# Thread: 15.3.65 Rewriting double integral to infnty

1. \begin{align*}\displaystyle
\int_{\alpha}^{\beta}\int_{a}^{\infty}
g(r,\theta) \, rdr\theta
=\lim_{b \to \infty}
\int_{\alpha}^{\beta}\int_{a}^{b}g(r,\theta)rdrd\theta
\end{align*}
$\textit{Evaluate the Given}$
\begin{align*}\displaystyle
&=\iint\limits_{R} e^{-x^2-y^2} \, dA \\
(r,\theta) \, 2 \le r \le \infty \\
&\, 0 \le \theta \le \pi/2
\end{align*}$\textit{Rewrite with limits}$
\begin{align*}\displaystyle
&\lim_{b \to \infty}\int_{0}^{\pi/2}\int_2^{\infty} e^{-x^2-y^2} rdrd\theta
\end{align*}

just seeing if I'm going in the right directionâ˜•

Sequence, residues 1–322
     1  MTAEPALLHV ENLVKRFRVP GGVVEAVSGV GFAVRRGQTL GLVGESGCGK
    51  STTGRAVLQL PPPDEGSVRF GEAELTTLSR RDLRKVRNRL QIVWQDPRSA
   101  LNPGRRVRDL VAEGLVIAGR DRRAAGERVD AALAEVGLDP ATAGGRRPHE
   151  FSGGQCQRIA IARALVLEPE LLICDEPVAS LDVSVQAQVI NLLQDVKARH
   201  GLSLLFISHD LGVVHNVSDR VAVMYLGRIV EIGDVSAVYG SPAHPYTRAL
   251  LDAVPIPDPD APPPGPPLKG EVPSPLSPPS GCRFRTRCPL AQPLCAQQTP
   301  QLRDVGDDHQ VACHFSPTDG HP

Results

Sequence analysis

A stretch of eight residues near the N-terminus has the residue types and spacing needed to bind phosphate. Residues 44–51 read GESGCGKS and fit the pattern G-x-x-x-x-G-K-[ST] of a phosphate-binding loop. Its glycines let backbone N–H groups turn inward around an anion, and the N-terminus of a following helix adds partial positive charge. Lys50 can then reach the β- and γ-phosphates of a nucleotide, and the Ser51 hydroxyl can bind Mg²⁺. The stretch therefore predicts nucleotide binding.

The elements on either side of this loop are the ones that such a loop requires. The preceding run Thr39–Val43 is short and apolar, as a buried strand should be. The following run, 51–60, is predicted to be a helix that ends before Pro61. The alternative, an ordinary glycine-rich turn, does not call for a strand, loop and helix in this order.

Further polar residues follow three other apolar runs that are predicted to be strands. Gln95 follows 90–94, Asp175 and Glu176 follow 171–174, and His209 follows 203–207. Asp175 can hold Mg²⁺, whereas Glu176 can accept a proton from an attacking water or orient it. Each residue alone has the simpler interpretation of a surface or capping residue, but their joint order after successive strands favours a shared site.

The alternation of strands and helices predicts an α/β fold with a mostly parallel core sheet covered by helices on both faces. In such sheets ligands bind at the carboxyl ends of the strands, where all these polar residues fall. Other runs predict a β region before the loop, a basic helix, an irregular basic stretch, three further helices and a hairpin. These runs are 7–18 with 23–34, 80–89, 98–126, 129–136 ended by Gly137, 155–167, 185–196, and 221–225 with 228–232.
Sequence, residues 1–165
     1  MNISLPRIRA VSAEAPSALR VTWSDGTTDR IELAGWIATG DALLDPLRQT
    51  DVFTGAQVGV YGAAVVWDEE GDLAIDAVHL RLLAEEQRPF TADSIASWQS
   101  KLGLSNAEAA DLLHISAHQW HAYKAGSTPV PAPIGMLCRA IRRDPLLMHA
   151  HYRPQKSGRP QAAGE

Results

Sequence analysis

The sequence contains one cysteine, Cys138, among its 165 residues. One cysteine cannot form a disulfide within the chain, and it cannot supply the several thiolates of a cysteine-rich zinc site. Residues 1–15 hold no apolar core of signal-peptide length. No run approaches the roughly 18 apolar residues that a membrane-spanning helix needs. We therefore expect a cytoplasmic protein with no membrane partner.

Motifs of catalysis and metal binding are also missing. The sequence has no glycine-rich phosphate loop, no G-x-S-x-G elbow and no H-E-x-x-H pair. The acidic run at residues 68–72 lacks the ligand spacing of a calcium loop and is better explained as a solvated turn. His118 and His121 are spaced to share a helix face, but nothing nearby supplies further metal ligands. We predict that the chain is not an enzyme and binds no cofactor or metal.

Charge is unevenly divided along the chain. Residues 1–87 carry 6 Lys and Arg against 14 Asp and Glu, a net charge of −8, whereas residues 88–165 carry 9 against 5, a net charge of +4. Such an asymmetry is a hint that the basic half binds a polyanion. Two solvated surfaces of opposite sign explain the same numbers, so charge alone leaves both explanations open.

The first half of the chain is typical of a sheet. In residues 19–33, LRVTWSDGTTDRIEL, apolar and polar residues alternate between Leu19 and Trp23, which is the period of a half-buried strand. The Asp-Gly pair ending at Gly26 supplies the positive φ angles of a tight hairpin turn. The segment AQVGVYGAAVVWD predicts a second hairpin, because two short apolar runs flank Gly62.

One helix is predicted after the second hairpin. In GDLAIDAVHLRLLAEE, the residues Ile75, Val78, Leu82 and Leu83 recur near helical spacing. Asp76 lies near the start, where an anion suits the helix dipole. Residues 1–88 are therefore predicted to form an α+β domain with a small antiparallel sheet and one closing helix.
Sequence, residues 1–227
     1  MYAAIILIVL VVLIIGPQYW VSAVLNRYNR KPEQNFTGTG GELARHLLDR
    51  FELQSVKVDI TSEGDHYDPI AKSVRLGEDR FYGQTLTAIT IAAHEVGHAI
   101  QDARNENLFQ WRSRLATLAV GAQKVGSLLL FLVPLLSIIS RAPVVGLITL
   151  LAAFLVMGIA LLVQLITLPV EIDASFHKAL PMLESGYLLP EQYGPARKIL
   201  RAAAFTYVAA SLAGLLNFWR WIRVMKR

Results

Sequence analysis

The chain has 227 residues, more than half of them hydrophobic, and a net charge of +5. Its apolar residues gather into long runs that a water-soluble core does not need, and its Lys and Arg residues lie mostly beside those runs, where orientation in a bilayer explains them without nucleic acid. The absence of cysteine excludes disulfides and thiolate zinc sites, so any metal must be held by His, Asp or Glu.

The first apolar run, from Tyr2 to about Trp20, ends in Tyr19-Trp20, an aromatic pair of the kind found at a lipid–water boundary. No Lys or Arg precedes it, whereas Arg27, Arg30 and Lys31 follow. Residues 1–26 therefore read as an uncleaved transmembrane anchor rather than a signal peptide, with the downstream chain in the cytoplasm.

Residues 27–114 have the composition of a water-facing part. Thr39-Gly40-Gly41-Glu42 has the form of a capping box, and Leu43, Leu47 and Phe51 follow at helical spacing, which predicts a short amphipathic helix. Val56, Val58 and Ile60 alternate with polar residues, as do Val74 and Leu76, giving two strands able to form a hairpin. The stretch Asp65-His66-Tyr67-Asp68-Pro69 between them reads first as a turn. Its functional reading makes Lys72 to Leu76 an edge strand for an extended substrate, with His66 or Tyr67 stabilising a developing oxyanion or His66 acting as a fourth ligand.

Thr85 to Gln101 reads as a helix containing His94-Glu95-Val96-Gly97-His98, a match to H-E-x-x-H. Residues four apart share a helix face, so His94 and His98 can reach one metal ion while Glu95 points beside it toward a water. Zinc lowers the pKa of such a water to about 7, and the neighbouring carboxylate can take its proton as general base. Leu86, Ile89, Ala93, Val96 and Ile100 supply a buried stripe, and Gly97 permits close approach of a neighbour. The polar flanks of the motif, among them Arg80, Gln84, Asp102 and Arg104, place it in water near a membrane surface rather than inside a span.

2. What is the problem, exactly as given?

Originally Posted by MarkFL
What is the problem, exactly as given?
what is b

frankly I don't know how to finish this

4. Originally Posted by karush
what is b

frankly I don't know how to finish this
You've got an integrand in terms of $x$ and $y$, and differentials in terms of $r$ and $\theta$...can you state the problem exactly as it was given to you?

5. Of course x2+ y2= r2 so that integral is the same as $\displaystyle \int_0^{2\pi}\int_2^\infty e^{-r^2}rdrd\theta$. Letting $\displaystyle u= r^2$, that is easy to integrate.